Systems-based healthcare hinges on imaging research

March 13, 2007

Imaging is poised to play a key role in the advancement of 21st century science and healthcare. This will happen only if the radiology community changes its view of imaging sciences, according to Dr. Elias Zerhouni, a radiologist and director of the National Institutes of Health. And if that means researchers adopting unconventional or innovative approaches, so be it.

Imaging is poised to play a key role in the advancement of 21st century science and healthcare. This will happen only if the radiology community changes its view of imaging sciences, according to Dr. Elias Zerhouni, a radiologist and director of the National Institutes of Health. And if that means researchers adopting unconventional or innovative approaches, so be it.

"The greatest risk in science is to stop taking risks. Let radiologists become what they were before - great risk-takers," he said during Sunday's session on the future of biomedical imaging and imaging research.

One of the greatest weaknesses in medical research is the inability to study complexity, Zerhouni said. This looks set to change as science moves toward systems biology. Investigators in the future will look at disease pathways, not single diseases, and at multiple drug targets. They will study fundamental disease mechanisms, such as inflammation or apoptosis, rather than specific conditions, like arthritis or cancer.

This change in approach will mean a move away from qualitative, unidimensional, nonspecific information.

"We are talking about quantitative, nondestructive, spatially and temporally resolved data. All of these words say 'imaging' to me," he said. "Imaging is the science of extracting spatially and temporally resolved relevant biological information. That's what we do."

Imaging will be relevant to every measurement length scale: angstroms, microns, and meters, Zerhouni said. Existing imaging technologies currently struggle to resolve structures in the 100 to 500 nm range, such as complex macromolecular systems. Researchers are working to plug this gap through the development of innovative imaging technologies.

He predicts that over the next 20 years imaging researchers will continue in their efforts to detect subclinical disease. He would also like radiologists to develop imaging-based in vivo biomarkers that could assist in the study of treatments for long-term chronic diseases. Image-guided interventions and microsampling for disease characterization is another large area ripe for radiology research.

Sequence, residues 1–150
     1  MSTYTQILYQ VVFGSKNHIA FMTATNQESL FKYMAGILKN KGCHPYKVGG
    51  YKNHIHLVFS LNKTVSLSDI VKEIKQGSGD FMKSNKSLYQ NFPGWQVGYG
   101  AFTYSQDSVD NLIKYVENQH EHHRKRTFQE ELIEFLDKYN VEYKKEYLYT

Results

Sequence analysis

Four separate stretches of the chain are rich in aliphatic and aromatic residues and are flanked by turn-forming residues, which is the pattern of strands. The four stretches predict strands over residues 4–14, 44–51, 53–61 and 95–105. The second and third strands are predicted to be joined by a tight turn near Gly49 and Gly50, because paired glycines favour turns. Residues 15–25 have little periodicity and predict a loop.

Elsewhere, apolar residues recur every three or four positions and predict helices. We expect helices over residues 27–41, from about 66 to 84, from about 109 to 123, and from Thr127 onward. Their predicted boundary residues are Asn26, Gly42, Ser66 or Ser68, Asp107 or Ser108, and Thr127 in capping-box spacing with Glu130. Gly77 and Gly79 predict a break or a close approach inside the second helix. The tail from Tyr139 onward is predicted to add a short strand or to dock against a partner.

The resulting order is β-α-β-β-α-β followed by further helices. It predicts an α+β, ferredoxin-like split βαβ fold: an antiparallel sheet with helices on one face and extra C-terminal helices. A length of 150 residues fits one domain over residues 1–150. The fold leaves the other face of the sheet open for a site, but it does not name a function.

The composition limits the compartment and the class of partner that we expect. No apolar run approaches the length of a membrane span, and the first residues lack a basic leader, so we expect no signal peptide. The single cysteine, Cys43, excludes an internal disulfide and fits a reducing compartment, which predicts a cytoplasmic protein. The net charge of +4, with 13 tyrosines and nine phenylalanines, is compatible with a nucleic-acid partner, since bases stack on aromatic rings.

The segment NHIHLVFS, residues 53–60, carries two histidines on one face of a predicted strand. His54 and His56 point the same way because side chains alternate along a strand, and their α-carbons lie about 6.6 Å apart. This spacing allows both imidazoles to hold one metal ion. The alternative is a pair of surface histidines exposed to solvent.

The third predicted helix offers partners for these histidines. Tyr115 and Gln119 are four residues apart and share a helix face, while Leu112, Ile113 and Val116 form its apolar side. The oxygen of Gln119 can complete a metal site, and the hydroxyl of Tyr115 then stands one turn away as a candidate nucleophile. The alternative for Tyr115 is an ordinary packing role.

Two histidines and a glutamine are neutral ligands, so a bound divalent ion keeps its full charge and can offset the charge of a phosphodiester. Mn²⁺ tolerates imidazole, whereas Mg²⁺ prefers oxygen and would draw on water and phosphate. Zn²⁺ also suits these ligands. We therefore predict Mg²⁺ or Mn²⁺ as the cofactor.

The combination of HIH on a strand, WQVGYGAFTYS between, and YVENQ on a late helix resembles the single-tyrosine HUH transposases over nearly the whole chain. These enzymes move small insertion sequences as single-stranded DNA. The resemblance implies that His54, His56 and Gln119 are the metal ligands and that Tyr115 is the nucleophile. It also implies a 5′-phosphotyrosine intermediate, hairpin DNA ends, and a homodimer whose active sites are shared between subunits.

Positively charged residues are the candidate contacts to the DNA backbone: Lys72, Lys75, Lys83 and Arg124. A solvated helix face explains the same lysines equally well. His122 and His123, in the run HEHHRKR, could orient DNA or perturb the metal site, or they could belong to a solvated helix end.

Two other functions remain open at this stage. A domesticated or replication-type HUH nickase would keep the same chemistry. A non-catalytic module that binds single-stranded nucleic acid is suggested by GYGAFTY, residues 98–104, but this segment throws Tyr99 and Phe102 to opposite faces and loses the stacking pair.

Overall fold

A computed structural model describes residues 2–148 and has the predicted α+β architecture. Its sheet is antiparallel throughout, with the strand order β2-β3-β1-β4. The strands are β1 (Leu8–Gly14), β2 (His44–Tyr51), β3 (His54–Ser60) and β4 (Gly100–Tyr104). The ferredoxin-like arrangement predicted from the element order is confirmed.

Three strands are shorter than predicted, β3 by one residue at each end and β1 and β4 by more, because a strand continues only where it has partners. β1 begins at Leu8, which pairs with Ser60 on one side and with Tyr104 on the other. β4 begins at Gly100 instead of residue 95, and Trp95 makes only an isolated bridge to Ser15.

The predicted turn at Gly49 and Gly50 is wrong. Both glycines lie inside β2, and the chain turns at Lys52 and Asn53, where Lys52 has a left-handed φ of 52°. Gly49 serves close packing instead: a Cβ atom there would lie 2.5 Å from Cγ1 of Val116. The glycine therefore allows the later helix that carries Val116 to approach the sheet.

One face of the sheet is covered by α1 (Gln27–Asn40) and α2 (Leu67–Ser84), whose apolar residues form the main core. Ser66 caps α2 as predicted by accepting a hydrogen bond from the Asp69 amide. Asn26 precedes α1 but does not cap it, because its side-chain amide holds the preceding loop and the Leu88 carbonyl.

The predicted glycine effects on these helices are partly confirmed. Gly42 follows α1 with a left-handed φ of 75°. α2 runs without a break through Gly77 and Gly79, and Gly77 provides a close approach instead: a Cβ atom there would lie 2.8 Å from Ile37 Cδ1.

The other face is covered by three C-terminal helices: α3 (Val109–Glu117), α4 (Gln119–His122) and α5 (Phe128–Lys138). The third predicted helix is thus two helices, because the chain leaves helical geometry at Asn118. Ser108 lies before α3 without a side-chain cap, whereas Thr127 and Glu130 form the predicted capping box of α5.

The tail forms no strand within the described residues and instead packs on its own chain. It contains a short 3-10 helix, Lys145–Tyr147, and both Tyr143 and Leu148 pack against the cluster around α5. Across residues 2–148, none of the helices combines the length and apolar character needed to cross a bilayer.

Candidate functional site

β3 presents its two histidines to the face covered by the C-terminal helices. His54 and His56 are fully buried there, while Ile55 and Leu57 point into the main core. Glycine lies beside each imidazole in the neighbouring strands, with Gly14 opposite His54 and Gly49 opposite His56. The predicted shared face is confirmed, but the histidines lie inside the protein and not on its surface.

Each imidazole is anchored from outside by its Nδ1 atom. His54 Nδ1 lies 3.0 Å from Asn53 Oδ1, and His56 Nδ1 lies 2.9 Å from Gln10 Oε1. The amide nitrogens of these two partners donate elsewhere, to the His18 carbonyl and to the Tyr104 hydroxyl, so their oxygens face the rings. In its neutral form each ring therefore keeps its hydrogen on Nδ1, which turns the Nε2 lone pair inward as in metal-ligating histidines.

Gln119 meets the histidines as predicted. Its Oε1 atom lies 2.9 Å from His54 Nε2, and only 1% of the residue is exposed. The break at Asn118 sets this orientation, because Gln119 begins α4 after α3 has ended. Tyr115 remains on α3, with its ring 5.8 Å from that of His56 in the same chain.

Zerhouni envisages this research endeavour as being truly global and he is keen to foster international collaborations. The NIH will this year invest approximately $1 billion in scientific research outside the U.S., and in collaborative projects with non-U.S. partners. More than 50% of the NIH's partnership projects involve European countries.

"Science advances so fast that any barriers between scientists, wherever they are - within an institution or between institutions in different countries - are an impediment to progress," he said. "In the future, imaging sciences will have to have an international collaborative framework that is easy to travel."

Speaking at the same session, Dr. Liselotte Højgaard, chair of the European Medical Research Council (EMRC) reiterated the importance of international collaboration in imaging research. The EMRC is looking at ways to reciprocate the generosity that the NIH shows to European researchers, she said.

At the moment, however, Europe lags behind the U.S. in terms of R&D investment. In the U.S., 2.6% of GDP is channelled toward R&D, compared with 1.9% in the European Union. Sources for funding are also fragmented, with just 7% to 8% of EU R&D investment coming from the centralised framework funding program. The remainder is provided by national agencies, industry, and charities.

Højgaard encouraged ECR delegates to take advantage of funding opportunities for research. She also welcomed initiatives designed to unite imaging researchers from different backgrounds, such as the newly formed European Institute for Biomedical Imaging Research. She advised radiologists not to become restricted to any one or two methods, but to consider all available tools and techniques that could assist in answering their clinical questions.

"Some radiologists are very much in love with their own methodology and don't look at the methodology next door. They are either a CT person, a PET person, or an MRI person," she said. "Perhaps we should instead be organ experts, so we know, for example, about all the different modalities that could be used for brain imaging.